C. G. Jung's Psychology of Religion and Synchronicity
The unique contribution of this work is essentially threefold. First, it provides a theoretical framework for the study of synchronistic phenomena—a framework that enables us to view these phenomena in relation to Jung’s model of the psyche and his concept of psychic compensation. Second, this book explores the significant role that these events played in Jung’s life and work. And third, by way of a careful examination of the synchronicity theory in relation to the process Jung terms individuation, an examination in which considerable case material is presented, the specific import of this seminal concept for Jung’s psychology of religion is disclosed.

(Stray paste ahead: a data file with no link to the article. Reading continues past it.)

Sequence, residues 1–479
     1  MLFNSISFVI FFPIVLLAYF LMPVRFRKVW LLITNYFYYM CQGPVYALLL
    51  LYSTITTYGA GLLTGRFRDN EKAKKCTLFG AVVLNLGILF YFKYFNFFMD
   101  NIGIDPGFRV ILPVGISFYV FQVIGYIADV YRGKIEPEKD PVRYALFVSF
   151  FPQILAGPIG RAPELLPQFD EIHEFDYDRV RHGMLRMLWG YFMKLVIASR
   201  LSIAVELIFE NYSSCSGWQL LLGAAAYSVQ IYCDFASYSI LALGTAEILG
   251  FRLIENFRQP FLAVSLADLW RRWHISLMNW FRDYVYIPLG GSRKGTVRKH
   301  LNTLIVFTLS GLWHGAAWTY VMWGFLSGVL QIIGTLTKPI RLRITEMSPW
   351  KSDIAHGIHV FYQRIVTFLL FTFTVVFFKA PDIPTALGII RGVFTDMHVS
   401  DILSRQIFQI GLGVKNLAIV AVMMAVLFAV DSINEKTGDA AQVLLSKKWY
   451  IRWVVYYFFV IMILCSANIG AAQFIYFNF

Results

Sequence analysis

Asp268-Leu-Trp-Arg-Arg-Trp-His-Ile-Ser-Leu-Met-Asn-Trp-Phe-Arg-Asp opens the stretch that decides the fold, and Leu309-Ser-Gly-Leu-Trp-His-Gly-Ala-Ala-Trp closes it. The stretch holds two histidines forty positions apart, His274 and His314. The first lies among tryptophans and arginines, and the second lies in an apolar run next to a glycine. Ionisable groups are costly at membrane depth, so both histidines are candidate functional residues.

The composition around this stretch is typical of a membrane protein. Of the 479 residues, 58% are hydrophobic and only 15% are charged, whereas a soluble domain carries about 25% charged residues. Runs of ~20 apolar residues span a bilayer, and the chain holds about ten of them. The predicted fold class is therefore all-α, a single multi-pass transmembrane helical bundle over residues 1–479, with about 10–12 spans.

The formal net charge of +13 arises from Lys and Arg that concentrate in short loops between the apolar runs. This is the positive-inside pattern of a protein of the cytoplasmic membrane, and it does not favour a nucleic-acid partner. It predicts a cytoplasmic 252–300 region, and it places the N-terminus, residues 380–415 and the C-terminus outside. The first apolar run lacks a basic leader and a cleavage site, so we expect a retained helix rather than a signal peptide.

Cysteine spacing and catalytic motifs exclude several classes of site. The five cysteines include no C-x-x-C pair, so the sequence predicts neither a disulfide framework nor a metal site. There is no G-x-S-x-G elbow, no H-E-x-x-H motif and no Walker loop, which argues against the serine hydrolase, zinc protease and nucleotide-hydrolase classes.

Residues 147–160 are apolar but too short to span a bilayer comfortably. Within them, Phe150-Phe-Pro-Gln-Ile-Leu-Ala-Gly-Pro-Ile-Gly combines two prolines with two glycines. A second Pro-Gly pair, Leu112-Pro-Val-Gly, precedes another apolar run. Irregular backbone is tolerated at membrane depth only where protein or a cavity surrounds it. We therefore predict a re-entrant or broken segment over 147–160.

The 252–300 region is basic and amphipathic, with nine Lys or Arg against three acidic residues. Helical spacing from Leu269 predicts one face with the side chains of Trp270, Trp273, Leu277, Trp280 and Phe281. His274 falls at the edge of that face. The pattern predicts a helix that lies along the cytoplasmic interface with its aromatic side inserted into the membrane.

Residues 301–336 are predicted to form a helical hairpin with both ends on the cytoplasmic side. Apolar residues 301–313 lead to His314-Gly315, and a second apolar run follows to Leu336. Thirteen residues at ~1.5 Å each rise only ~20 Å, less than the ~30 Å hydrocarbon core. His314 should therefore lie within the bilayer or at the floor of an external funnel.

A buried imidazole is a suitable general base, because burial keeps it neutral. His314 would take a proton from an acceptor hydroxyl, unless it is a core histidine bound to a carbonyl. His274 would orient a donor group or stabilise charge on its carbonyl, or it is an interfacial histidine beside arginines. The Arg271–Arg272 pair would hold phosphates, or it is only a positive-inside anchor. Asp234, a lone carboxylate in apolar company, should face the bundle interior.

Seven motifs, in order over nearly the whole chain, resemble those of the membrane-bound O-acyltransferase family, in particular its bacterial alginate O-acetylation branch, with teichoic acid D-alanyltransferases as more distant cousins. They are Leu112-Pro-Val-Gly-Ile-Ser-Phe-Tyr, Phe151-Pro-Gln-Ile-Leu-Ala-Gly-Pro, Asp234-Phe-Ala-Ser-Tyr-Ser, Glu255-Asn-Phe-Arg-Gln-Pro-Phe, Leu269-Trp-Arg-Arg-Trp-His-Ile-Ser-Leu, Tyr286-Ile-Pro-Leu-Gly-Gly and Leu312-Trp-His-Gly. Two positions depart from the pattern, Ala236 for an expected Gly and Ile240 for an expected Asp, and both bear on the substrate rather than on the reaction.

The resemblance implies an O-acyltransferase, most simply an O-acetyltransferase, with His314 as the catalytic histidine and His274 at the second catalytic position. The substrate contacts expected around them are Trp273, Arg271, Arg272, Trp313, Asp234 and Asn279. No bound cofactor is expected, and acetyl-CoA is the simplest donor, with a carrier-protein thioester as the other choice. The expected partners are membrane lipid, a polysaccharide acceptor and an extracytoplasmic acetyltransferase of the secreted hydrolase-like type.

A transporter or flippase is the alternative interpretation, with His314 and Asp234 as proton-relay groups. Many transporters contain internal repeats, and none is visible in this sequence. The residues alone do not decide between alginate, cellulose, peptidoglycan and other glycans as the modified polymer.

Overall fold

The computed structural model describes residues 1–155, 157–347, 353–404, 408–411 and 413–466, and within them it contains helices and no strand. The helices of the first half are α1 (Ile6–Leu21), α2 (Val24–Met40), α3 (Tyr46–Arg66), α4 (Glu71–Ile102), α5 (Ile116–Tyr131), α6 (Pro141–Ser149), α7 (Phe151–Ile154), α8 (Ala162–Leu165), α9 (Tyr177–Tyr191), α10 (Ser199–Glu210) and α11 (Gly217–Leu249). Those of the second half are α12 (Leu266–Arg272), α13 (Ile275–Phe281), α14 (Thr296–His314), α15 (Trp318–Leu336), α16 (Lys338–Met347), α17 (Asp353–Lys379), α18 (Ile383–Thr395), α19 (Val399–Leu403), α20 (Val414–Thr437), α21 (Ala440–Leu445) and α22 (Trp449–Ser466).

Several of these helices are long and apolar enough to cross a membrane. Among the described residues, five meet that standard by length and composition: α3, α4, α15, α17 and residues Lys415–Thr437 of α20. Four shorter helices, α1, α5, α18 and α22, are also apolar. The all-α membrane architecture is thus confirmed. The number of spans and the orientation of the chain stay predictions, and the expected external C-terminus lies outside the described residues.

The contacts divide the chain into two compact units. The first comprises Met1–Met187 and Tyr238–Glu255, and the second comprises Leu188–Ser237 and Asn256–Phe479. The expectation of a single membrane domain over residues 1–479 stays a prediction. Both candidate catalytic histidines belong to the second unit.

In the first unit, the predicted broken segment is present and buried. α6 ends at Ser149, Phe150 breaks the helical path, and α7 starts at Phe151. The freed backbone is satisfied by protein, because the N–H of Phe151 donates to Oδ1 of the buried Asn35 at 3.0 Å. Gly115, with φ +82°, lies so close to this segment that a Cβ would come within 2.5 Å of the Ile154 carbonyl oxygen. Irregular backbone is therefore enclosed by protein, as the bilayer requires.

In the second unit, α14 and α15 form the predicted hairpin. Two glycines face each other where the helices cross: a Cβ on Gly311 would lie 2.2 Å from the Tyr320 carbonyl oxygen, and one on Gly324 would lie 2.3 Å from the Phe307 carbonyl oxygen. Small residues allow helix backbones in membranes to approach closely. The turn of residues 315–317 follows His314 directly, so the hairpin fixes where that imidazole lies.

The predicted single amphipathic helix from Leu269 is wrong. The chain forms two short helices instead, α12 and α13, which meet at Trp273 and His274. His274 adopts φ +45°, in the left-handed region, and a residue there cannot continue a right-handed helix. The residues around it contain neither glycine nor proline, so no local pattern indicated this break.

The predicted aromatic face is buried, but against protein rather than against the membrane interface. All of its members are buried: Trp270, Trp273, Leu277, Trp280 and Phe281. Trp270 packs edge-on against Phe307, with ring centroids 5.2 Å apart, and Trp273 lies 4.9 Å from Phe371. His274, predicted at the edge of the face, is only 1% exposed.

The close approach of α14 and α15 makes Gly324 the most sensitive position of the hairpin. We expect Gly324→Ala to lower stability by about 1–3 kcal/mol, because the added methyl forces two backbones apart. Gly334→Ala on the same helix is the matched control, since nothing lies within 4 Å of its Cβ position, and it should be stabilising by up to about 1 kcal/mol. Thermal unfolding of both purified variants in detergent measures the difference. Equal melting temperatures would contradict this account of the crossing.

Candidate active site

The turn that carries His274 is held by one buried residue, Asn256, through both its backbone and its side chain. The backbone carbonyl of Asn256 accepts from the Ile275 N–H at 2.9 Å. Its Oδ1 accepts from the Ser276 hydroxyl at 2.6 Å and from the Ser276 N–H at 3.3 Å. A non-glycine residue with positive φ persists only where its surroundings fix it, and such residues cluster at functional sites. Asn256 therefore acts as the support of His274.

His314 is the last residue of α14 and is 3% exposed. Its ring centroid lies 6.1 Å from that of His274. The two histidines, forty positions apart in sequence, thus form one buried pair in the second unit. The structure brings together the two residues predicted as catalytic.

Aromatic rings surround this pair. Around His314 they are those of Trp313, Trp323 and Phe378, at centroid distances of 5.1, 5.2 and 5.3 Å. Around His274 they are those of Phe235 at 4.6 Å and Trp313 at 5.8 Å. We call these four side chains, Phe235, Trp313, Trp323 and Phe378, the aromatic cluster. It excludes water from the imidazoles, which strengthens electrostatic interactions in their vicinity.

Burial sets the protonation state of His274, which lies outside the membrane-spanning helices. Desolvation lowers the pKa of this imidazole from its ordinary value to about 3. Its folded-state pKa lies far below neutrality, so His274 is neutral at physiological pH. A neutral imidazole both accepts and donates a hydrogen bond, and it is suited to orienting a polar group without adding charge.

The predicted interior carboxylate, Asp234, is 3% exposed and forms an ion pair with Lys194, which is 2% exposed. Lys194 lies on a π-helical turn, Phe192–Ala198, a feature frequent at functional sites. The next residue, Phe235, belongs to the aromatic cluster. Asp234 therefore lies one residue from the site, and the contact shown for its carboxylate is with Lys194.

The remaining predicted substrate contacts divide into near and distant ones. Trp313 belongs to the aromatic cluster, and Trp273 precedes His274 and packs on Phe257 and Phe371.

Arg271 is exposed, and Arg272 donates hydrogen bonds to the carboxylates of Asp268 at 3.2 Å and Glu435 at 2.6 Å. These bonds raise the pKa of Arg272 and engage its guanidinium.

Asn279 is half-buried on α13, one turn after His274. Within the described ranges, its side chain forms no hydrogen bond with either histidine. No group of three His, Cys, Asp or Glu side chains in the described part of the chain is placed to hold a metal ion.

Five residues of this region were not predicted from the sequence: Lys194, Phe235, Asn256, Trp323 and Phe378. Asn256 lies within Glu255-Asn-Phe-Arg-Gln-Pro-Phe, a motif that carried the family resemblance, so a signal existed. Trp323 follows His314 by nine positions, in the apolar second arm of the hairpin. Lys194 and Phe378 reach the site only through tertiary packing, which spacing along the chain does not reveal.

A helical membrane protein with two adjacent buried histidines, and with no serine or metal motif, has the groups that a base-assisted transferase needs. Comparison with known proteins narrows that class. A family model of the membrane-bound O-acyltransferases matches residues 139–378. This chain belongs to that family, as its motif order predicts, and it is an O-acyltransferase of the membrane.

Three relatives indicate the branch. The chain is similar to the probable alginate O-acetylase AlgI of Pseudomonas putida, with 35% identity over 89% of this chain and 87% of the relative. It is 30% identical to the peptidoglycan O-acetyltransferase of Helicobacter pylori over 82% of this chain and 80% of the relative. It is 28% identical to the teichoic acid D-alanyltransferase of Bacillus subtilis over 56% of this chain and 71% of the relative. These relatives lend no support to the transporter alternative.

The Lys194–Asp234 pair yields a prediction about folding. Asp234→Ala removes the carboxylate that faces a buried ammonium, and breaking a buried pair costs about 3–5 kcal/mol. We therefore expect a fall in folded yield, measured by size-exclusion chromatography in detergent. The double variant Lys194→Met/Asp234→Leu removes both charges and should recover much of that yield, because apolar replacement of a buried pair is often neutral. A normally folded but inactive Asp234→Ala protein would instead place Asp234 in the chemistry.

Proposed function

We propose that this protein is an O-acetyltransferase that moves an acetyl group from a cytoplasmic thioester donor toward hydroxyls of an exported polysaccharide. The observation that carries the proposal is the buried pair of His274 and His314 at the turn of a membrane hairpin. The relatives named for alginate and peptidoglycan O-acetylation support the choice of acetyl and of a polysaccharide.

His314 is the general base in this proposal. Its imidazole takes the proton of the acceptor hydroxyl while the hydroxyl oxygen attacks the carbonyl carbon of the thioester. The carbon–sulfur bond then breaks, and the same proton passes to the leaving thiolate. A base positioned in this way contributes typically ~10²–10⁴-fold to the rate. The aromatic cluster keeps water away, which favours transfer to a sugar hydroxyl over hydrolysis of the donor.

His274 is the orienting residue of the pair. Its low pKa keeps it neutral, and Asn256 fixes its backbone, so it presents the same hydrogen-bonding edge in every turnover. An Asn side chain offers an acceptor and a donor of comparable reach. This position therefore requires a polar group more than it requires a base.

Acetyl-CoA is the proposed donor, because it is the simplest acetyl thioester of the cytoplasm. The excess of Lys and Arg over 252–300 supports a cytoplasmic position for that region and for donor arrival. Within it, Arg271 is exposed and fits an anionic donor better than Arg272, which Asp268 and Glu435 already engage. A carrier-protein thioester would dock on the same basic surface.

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absolute knowledge Acausal Connecting Principle Accordingly Adler and Jaffe analysand Analytical Psychology archetypal pattern archetype Bolen C. G. Jung C. G. Jung Letters causal certainly chapter Chinese Ching collective unconscious compensatory activity concerned consciousness death describes dimension dream ence example Fierz Franz golden scarab Hannah Heng Ch'au Heng Sure Herr Hsu Yun Ibid important individuation process interpretation intrapsychic Jones Jung explains Jung relates Jung writes Jung's psychology Jungian worldview Marie-Louise von Franz meaning meaningful Mysterium Coniunctionis nature nistic objective event occult one's patterning of events personality position present problem psyche psychic psychology of religion psychophysical pattern reference relationship religious experience scarab sense shadow shaman Sigmund Freud specific spiritual symbol synchronicity concept synchronicity theory synchronistic event synchronistic experience synchronistic patterning synchronistic phenomena telepathy things tion trans type of synchronistic uncon unconscious unus mundus whole Wilhelm